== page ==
4. After the identification, reassertion and improvement of your objective – it’s time to dedicate yourself to writing this powerful statement. You want your mission to be high-quality and truly represent any revelations you may have had along the way and the journey/ process that you have been through. Given the importance you place on this statement, I suggest you unveil your mission statement in fine form. After all, it is a time to celebrate!


I would like to get your input. As a Health Activist, what is your mission statement or the mission statement of your community? If this is an aspect which is missing, why not create one? Remember to put thought into it, as it now becomes a representation of you and/or your community.

For 2012, I vow to create a mission statement for Sharifa Simon-Roberts; yes, that’s right my personal mission statement. Stay tuned.





Educate Your Community: Thyroid Awareness Month

Editor’s Note: I’m excited to share a post with you written by our Sponsor Programs Assistant Sharifa Simon-Roberts on Thyroid Awareness Month. To learn more about Thyroid Awareness and the online Thyroid community – check out our interviews with Katie Schwartz, founder of the wonderful Dear Thyroid, and Mary Shomon of’s Thyroid community. Both are doing amazing things for their communities and, if you haven’t yet, you’ll learn a bit more about thyroid health! –Amanda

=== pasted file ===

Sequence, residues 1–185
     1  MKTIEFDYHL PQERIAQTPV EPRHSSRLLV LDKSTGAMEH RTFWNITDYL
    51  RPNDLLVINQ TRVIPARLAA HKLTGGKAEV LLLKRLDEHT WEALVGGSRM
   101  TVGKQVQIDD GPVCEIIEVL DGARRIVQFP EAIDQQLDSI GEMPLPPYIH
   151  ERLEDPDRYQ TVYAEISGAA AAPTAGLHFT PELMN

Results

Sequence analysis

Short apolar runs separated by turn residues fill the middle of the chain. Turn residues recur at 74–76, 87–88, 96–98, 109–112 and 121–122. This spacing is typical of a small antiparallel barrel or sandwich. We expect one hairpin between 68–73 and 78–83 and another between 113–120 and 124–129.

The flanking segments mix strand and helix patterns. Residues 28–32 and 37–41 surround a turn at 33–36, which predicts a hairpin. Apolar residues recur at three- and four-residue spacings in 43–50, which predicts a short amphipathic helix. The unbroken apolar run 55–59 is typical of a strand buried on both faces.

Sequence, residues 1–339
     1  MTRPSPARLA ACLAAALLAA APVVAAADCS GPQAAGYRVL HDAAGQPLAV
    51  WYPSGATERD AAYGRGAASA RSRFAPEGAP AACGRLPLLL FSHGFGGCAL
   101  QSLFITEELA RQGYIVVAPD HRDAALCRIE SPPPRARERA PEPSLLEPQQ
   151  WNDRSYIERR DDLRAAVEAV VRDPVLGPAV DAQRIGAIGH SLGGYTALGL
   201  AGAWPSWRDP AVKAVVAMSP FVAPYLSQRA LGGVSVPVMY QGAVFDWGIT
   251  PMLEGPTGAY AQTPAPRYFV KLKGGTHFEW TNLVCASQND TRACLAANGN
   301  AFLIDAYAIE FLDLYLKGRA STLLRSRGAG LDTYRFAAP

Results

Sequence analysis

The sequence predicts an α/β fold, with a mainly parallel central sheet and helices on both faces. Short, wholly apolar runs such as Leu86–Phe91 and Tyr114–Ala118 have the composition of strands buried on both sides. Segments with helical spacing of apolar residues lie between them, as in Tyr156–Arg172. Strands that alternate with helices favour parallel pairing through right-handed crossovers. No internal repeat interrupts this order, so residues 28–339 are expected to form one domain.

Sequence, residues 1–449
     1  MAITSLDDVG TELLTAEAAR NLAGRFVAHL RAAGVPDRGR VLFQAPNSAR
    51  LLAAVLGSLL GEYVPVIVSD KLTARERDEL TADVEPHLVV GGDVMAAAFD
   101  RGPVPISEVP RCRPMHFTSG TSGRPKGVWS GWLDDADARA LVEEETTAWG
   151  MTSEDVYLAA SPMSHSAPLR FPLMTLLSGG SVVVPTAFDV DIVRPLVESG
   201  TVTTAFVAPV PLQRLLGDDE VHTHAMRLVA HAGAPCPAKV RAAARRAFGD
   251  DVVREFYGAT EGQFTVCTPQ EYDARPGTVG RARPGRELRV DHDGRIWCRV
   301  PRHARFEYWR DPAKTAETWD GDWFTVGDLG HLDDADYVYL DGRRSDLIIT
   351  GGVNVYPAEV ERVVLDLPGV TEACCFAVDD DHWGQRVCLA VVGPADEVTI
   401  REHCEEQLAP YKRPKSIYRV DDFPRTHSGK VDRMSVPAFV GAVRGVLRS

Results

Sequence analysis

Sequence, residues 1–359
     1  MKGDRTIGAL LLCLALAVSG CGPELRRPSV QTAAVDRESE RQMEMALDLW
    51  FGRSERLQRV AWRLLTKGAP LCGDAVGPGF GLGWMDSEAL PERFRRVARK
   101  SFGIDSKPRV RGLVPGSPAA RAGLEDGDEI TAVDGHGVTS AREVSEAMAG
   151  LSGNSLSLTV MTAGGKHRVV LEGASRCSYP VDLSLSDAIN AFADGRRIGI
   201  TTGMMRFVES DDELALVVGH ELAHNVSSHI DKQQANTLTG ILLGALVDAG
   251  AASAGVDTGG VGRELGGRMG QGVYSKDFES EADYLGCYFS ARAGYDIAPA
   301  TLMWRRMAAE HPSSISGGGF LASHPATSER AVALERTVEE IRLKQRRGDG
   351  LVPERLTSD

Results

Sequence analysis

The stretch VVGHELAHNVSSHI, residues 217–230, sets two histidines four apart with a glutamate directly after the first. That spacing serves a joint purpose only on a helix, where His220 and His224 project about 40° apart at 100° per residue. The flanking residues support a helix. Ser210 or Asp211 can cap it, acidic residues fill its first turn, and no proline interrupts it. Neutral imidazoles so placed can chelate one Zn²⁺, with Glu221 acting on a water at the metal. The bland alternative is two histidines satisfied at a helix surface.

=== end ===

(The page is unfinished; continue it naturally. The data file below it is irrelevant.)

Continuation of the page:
Educate Your Community: Thyroid Awareness Month

by Sharifa Simon-Roberts

Thyroid Plush

For many, January is the month where a number of bold declarations are made. Heading the list are promises to pay closer attention to one’s health – whether it’s in terms of diet, exercising or making physical check-ups a priority. With this in mind, I thought I would highlight a condition which affects millions of Americans – thyroid disease. What better time to take a look at a common ailment while paying tribute to that new year’s vow of making health a priority, than now and oh yes, of course during Thyroid Awareness month?

Like some of you, I had heard the term “thyroid” previously but if asked to define it and pinpoint its exact location during a biology exam, I would skip over that question quickly and hope no similar questions would haunt me as I completed the exam. I think now, perhaps I can avoid such a situation. The official name for the thyroid is ‘thyroid gland’ and it is an endocrine gland located in the lower part of the neck, in the vicinity of the Adam’s apple. It is butterfly-shaped, surrounds the trachea and some functions of this gland are to secrete hormones and monitor metabolism, heart rate, body temperature and the speed at which the body uses energy.

So what happens if this gland malfunctions or stops working? This is where my limited knowledge on the thyroid did reside. I remember in 2007 Oprah Winfrey attributed her 20 pound weight gain to problems with her thyroid. Her problems started off with hyperthyroidism where her thyroid gland was producing too many hormones, followed by, hypothyroidism, as her thyroid gland was not producing enough hormones. According to Winfrey, this was stress-induced. After devoting time to rest and some TLC (tender loving care, or in this case thyroid loving care) which we could all use, she was on the road to recovery and regaining her health.